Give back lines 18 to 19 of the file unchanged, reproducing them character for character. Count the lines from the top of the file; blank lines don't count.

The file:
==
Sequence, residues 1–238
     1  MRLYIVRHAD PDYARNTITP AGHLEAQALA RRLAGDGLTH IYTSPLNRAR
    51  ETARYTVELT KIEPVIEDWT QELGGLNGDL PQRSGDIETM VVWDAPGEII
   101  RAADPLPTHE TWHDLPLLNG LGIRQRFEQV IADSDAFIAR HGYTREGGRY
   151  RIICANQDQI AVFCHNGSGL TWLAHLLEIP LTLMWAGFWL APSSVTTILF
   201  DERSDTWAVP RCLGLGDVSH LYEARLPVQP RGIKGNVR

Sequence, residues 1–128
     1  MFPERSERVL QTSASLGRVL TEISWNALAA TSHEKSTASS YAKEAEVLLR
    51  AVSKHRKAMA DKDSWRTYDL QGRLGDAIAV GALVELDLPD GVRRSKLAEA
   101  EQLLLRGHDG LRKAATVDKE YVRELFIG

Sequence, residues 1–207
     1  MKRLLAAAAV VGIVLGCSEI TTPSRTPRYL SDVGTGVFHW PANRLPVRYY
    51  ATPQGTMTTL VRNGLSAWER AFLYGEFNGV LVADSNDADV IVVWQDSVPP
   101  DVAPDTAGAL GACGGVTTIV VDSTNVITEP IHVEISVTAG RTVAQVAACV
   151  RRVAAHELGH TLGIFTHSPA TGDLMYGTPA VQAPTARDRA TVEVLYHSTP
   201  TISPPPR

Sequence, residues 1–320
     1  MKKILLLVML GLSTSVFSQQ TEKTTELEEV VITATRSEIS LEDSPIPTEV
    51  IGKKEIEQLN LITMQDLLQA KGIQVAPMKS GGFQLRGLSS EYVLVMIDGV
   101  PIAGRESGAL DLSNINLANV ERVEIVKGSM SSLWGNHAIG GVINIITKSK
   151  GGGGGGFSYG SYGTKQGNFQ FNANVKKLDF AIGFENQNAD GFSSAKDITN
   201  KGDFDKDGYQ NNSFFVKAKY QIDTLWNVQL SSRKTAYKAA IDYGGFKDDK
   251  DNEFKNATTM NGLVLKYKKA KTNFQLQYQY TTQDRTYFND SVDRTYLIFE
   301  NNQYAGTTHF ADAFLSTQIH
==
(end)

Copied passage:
     1  MKKILLLVML GLSTSVFSQQ TEKTTELEEV VITATRSEIS LEDSPIPTEV
    51  IGKKEIEQLN LITMQDLLQA KGIQVAPMKS GGFQLRGLSS EYVLVMIDGV